You love going to your weekly yoga class. You love the thrill it gives you. You love how peaceful yet awake you feel after. But what you might not like is that period of time where you aren't moving and your intellectual mind starts to kick back in...

The dreaded relaxation at the end where you lie in Savasana completely still with only your breath producing movement in your abdomen. This is most people's idea of hell after some form of exercise. This became especially apparent to me when I taught in gyms. People would become very fidgety all of a sudden, even if they had held the most graceful warrior, as still as a statue.

What is it about lying down completely still that we just don't like? 

In my own experience, if I have had a particularly stressful or worrisome day, my yoga practice has been my saviour. The physical movement energising me, the focus on my breath drawing my mind away from my troubles and the feeling of accomplishment I get when I manage that difficult posture, all helping to bring me back to the present moment. But I have also found Savasana to be the most difficult on those days. My mind may behave while doing the asanas but as soon as I lay down to relax, my mind starts again. Those same repetitive thoughts, going over and over in my head. And no matter what I do, I can't seem to switch them off.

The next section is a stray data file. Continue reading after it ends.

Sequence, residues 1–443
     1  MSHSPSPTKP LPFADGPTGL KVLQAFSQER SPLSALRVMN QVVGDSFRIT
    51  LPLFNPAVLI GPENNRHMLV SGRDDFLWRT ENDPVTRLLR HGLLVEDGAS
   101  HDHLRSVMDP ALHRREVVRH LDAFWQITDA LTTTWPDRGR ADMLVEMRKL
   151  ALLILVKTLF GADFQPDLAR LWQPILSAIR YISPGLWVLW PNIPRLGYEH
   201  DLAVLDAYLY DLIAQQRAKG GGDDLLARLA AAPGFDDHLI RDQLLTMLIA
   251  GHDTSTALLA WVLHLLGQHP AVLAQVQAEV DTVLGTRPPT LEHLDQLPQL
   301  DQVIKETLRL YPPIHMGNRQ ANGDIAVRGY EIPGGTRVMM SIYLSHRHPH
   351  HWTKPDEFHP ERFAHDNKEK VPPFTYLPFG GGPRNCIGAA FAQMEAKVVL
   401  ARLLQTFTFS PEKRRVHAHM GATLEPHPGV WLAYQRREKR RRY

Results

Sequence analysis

So how do you achieve the calm Savasana where your mind stays as quiet as it has during the physical side of your practice? 

One way to overcome the mind-body battle in Savasana is to see it as an inclusive part of your practice. This is not something separate from your practice - it is complimentary to it. By viewing Savasana as another posture, it can help to keep the mind peaceful. It's not like slouching on your sofa. It is an active asana. Just as you would guide your body with your breath in any other asana, you can do the same in Savasana. I find it helps to settle myself into it by taking 5-10 deep breaths before scanning the body. These 5-10 breaths are my equivalent of when I hold a standing, balancing or seated posture. It's the same principle. My body is in a certain, still position and my focus is on my breath.